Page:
Sunday, April 11, 2010

Teaching Mom to Cook

Henry and I have long believed that, at some point in life, your parents become your children.  That's fine and we can deal with it when it happens but here's the scary thing:  we're the parents! 

Sometimes I see it when we're around the kids and we do or say something they think is idiotic (which is frequent) and they just look at each other and roll their eyes.  You know that look.  It's something like "did they really just do that?  Clearly they are starting to lose it."  They're probably thinking about what nursing home they're going to put us in and how in the hell they're ever going to get the basement cleaned out.  Whatever.

I will admit though, when Andy was home recently, I learned a few cooking tricks from him.  Lord, I hope he never reads this blog!  But as I mentioned before, he's got that food gene and he knows how to balance tastes.

Since he was keeping kosher for Passover while here (which meant no restaurants, bummer), he stocked my kitchen so he could prepare meals for himself.  I cringed when he brought home dehydrated minced onion.  He also brought something called "zahatar."  It's an Israeli spice mix, primarily with sesame seed and coriander.

One day he made himself a salad for lunch.  I wasn't paying much attention, busy doing whatever (probably making gefilte fish) so I didn't notice what he put in it.  Then he offered me a taste.

Holy crap, it was amazing.  It was crunchy, salty, savory, lemony, oniony and flat-out delicious.  What on earth did he put in it?

Turns out it was similar to a salad he had in Israel (he loves the place).  He recreated it.  I can't give you an exact recipe, but I can tell you what he put in it.  Make it according to your taste, but trust me (you can, I'm not skinny) MAKE IT!


Salad greens (he used heirloom lettuce leaves, slightly sturdier than mesclun mix)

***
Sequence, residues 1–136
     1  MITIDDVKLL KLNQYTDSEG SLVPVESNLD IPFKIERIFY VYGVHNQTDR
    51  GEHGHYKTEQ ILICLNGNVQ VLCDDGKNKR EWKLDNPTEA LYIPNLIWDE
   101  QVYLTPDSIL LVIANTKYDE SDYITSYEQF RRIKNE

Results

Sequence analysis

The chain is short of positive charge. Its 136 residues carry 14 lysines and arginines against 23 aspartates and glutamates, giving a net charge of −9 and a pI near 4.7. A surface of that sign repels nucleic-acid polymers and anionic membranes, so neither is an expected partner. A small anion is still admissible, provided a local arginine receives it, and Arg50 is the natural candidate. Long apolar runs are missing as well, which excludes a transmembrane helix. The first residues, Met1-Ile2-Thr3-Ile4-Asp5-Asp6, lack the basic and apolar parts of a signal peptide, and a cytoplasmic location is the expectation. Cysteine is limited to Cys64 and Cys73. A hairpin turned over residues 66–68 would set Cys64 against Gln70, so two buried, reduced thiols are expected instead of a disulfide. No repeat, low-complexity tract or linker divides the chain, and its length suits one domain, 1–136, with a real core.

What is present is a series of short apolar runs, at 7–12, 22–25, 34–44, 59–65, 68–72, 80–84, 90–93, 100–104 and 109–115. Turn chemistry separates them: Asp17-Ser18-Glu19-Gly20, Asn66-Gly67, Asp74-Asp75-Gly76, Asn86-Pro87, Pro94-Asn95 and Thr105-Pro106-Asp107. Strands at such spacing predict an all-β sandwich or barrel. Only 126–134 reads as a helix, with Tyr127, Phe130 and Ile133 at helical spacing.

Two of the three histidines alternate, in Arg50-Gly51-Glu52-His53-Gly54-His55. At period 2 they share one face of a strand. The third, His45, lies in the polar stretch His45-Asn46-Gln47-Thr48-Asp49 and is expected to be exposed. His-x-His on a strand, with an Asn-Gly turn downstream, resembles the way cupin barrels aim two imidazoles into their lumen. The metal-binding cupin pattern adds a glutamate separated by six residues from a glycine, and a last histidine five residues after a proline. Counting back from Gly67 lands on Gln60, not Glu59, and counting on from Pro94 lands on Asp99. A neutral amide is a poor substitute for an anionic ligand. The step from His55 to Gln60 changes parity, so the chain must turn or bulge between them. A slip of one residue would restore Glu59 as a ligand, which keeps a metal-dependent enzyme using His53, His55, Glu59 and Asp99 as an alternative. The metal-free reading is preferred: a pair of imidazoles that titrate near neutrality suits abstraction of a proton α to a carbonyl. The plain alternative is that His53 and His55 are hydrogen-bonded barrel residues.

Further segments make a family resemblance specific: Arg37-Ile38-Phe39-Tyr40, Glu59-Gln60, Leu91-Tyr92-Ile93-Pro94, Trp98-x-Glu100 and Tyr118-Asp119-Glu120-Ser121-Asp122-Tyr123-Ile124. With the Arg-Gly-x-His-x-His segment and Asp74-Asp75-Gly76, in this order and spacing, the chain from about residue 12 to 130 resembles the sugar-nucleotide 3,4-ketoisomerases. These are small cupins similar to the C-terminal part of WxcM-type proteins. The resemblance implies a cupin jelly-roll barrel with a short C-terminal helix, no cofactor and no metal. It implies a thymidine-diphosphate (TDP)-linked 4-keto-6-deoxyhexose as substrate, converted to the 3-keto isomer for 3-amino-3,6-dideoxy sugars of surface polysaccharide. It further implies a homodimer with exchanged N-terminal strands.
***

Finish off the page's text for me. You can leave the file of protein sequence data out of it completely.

Dehydrated minced onion, to taste
Pistachio nuts, to taste
Crumbled goat feta, to taste
Zahatar seasoning, to taste
Fresh lemon juice and extra-virgin olive oil, to taste
Salt and freshly ground black pepper, to taste

Place salad greens in a bowl.  Add remaining ingredients and toss well to blend.  That's it.  Make it for 1 person or make it for 20. 

So much for my food integrity.  Those dehydrated onions turned out to be crucial to the salad.  Who knew?

Oh, and remember that macaroon recipe I posted recently?  He tweaked that one also.  He made it into a macaroon pie (again kosher for Passover) and he added orange and cardamom.  It didn't look pretty, but it sure tasted good! 


10 oz. bittersweet or semisweet chocolate
20 oz. almonds (not roasted)
2 cups granulated sugar
1 1/2 cups egg whites (about 9 extra-large eggs)
2 teaspoons pure vanilla extract
1 teaspoon ground cardamom
1 tablespoon orange zest
Candied orange zest for garnish (if desired)

Preheat oven to 350-degrees.  Lightly grease two 9-inch glass pie plates or baking dishes.

Melt chocolate in a double boiler over very low heat until smooth.  Set aside to cool.  In a food processor, grind almonds and sugar together (in batches) until very fine and almost powdery.  Place in bowl of electric mixer and add remaining ingredients.  Beat on low speed until just blended; do do overbeat.  Alternatively, you could do this by hand with a whisk or large wooden spoon).

Pour mixture into prepared pans and bake for 15-20 minutes.  It will still seem soft in the midde, but it will firm up as it cools.

Let cool to room temperature before serving.  Top with candied orange peel and whipped cream, if desired.

Serves 12-14

Well, if I do end up becoming their children, at least they know how to cook!

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